A Shy Cornishman
The artist Claughton Pellew 1890-1966
Cornwall has been the inspiration for generations of artists and writers. Here is an exception, a Cornishman, the last of his family to be born in Cornwall, who by circumstance became exposed to quite different artistic influences and, instead of returning to his native land, chose to live in isolation on the windy north Norfolk coast. From there his visions of the countryside around him began to flow like a dream.
He seemed fated to work for and help others and denied himself the full exercise of his talents. Poor dear man he was the most unselfish of beings
”, wrote the artist John Nash of his lifelong friend Claughton Pellew.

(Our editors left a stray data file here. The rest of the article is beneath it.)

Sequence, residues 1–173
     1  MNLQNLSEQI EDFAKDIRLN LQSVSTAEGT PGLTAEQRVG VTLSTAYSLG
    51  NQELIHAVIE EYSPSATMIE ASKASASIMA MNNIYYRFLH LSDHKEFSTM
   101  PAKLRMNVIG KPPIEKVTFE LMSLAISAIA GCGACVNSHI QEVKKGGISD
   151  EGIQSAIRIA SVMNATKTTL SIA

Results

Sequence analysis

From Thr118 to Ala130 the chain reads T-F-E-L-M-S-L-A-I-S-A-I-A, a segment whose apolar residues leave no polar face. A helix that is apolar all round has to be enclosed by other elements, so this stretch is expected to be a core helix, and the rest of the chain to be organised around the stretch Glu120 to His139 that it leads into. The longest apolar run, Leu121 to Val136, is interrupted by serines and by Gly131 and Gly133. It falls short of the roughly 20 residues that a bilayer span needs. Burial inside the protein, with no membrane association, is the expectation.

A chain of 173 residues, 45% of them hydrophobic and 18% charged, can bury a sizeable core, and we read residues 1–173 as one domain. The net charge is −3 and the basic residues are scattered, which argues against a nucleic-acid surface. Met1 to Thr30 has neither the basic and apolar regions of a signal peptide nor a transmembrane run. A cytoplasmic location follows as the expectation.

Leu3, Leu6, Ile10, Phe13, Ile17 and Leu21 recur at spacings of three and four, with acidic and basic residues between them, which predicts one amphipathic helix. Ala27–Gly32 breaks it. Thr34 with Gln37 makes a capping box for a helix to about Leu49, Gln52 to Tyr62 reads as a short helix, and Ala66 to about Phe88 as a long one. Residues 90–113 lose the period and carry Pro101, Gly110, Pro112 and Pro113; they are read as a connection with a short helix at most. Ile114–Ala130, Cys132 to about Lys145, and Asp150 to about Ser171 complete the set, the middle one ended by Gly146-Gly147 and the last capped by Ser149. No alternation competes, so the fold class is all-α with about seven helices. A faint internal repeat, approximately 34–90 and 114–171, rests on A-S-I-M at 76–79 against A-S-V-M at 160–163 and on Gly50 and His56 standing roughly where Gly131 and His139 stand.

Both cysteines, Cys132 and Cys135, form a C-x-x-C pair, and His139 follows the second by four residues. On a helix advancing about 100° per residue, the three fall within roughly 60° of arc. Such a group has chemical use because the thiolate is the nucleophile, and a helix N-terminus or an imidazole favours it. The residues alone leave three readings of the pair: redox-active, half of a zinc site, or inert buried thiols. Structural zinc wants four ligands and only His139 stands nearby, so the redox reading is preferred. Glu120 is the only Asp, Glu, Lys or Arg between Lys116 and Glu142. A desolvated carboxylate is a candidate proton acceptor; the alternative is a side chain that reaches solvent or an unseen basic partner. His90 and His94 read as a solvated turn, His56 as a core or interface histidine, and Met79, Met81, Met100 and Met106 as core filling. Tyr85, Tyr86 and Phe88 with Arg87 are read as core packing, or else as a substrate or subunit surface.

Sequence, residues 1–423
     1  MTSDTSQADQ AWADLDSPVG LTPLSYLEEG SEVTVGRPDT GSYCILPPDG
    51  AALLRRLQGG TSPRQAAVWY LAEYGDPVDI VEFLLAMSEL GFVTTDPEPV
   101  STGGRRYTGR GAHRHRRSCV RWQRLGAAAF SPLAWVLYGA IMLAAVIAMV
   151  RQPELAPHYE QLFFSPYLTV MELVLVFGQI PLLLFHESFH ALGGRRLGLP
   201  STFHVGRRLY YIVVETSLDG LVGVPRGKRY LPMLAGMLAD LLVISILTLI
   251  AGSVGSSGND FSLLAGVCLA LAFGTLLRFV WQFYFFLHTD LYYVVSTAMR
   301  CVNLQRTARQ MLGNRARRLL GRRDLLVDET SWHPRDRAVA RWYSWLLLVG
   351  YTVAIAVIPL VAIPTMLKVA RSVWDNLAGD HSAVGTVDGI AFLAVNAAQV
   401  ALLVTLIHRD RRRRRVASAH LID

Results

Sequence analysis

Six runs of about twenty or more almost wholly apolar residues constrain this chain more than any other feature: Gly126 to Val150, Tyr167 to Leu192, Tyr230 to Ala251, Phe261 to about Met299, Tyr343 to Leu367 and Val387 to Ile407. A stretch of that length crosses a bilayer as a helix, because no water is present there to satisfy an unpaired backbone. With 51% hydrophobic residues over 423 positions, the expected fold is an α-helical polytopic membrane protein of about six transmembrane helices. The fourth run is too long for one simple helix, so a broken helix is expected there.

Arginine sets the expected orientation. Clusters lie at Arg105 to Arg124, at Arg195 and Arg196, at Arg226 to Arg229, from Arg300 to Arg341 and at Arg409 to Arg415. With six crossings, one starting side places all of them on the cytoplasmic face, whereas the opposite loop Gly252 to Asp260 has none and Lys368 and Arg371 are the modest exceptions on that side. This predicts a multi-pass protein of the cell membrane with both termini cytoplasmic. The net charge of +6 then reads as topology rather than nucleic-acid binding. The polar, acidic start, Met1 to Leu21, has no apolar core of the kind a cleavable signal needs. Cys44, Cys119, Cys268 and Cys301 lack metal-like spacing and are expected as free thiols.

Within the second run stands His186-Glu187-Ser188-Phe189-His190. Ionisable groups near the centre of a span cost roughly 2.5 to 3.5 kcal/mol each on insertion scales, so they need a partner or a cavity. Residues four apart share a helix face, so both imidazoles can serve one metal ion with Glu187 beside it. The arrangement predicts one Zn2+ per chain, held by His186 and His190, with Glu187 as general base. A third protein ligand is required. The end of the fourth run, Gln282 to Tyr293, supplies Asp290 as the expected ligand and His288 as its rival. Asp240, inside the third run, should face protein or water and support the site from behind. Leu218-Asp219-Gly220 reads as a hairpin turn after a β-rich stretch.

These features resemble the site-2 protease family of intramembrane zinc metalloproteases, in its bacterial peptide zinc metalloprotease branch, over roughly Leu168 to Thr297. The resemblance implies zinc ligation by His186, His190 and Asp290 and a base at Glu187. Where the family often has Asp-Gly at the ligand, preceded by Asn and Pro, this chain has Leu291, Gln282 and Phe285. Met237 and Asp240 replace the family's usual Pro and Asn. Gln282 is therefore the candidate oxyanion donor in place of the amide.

Claughton was a landscape artist who sought obscurity but found himself playing an important role when his perceptions of English pastoral peace and harmony, translated into water-colour and wood engraving, led the way out of the trauma inflicted on the country by the First World War. Even today, eighty years after the main body of his work was completed, his burning affection for the rural scenes of the past shines through.
“Rick tops” 1914
, watercolour with pen and ink, gouache & chalk. Claughton saw hayricks
“as more than an incidental feature of the landscape; their height dominate
s the surroundings
and makes them a fitting emblem of the climactic moment of harvest”
The brothers Paul and John Nash, who became two of the most influential English landscape painters of the last century, were each of them fired up by
the young Claughton’s romantic approach
, and by the intensity of his love for the countryside and its features. Paul trained with Claughton at the Slade in London, where their contemporaries included such future luminaries of the art world as Ben Nicholson, Stanley Spencer and Christopher Nevinson (pictures and details of these and other
are at page 30).